1. I lost my mom when I was 43, but it took me that long to realize I’d really lost her at 41 or so. We had conversations about the nonexistent people who came to her living room each night, harmless but not exactly welcomed since they tracked up her floors and even moreso after they acquired a dog… and there was that patch of floor between her bed and the bathroom — the only way in or out — where arms reached up now and then to try to trip her or yank her down. They were malicious. We didn’t talk much about that, except that maybe I should get some holy water from the church and bless the spot. The militia that other night (the night I moved in with her and sent my little children home with their dad), lying in wait for her so that she had to pretend to be sleeping; her failing to recognize me — always having to ask if I was her sister or her caretaker or her daughter, even that night. All while she was dying of cancer. The one person I wanted to run to with all this terribleness was.. my mother, of course. I can identify with your pain and your quandaries and questions somewhat. Most of us can. It’s too hard. Love is hard. Even harder is to know that our mothers were someone before we came along, and are someone after the growing up is done, which doesn’t really happen until we ourselves have become the sole matriarch. Well, long story short, (((hugs))). And more (((hugs))). And an apology for so many useless words.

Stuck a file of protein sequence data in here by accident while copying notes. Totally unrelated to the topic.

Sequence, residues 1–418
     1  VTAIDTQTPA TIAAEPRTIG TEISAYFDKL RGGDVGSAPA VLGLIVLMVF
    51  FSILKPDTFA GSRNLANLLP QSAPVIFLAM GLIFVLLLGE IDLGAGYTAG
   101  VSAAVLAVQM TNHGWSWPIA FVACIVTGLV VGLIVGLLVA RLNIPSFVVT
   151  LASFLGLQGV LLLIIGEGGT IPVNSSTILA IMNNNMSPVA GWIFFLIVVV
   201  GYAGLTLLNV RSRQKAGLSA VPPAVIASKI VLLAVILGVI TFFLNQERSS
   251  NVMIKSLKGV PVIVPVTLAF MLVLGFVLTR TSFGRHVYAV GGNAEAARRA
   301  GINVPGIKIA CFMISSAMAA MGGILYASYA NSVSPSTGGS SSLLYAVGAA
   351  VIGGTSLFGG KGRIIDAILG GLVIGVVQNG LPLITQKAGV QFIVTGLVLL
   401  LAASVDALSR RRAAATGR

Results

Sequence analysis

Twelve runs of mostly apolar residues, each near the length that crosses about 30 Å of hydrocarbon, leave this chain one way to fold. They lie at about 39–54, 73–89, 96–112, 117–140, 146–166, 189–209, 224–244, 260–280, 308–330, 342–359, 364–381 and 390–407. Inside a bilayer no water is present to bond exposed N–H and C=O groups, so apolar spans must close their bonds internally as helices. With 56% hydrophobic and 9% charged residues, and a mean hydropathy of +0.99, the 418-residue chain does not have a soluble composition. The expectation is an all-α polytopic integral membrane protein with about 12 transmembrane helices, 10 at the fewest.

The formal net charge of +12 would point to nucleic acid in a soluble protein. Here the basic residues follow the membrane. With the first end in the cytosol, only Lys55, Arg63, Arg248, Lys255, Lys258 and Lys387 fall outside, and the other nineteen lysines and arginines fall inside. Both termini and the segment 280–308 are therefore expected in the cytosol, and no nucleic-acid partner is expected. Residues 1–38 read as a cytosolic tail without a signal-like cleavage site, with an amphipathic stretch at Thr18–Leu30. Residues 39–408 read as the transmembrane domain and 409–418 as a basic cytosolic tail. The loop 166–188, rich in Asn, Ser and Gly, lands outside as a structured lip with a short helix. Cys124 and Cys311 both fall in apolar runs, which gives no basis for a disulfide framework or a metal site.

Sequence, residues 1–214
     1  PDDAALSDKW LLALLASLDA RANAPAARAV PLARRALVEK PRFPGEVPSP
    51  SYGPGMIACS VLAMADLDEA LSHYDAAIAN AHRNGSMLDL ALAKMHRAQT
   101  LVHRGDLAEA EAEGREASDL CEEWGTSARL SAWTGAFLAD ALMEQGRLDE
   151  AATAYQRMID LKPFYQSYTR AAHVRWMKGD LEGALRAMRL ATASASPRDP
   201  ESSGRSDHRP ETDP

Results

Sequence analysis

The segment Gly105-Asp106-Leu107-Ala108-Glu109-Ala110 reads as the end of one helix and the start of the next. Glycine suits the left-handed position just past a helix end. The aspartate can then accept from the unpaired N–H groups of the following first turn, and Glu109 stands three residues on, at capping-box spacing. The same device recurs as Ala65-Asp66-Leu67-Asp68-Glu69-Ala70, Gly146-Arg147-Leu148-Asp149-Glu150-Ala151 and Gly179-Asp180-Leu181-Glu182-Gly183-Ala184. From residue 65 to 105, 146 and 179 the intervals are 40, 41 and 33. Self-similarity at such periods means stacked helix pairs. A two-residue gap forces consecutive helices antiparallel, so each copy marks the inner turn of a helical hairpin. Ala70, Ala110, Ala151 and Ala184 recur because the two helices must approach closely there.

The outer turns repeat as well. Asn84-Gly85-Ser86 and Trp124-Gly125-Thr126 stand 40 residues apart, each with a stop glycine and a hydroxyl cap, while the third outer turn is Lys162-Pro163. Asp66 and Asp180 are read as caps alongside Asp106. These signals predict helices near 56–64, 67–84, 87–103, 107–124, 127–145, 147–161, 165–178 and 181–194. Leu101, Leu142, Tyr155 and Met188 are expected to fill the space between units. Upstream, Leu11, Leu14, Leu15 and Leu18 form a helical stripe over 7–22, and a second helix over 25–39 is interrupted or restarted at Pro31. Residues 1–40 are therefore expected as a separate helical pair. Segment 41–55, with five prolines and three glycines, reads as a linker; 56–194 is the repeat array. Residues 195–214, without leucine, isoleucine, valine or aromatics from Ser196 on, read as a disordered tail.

Liked by 3 people

    1. No need to apologise – thank you for sharing some of you story with me/ us. I had the nonexistent people too, and the unwillingness to go into an increasing numbers of rooms in the house that they had forbidden her to use, or that she had blocked off with household objects because that room no longer existed. I thought that was the psychosis rather than the dementia, but maybe it’s all part of the same thing. I actually missed Mum’s evil lodgers when she stopped talking to me about them – they’d been lurking around for so long in the corners of rooms, in cupboards, just outside the French windows in the garden, behind drawn curtains. I’m sorry that you had to lose your Mum when so young, and when you had young children.